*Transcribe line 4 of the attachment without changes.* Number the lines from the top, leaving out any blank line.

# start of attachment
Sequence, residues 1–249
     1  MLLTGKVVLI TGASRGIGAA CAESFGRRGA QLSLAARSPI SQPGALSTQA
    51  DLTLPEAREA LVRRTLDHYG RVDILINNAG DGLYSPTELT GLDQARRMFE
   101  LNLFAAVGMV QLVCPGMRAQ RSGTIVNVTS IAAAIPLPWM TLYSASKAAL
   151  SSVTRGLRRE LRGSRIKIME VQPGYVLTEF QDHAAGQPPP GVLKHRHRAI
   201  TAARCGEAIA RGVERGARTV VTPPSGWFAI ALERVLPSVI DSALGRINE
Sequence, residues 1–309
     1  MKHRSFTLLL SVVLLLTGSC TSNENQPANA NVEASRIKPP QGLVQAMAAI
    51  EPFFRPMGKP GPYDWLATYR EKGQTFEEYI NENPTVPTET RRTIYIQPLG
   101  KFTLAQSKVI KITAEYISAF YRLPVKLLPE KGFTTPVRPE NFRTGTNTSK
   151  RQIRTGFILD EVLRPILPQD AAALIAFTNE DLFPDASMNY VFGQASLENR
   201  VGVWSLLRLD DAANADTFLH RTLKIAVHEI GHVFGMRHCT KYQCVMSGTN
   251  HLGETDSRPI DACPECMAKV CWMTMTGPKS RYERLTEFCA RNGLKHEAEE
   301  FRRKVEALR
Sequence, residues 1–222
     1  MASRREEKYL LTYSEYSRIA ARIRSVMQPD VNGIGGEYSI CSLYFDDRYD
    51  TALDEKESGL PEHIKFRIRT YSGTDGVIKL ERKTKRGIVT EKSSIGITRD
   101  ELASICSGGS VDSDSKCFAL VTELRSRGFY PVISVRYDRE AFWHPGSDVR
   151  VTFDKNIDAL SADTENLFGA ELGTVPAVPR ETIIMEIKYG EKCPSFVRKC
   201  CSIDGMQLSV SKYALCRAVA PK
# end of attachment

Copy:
   101  LNLFAAVGMV QLVCPGMRAQ RSGTIVNVTS IAAAIPLPWM TLYSASKAAL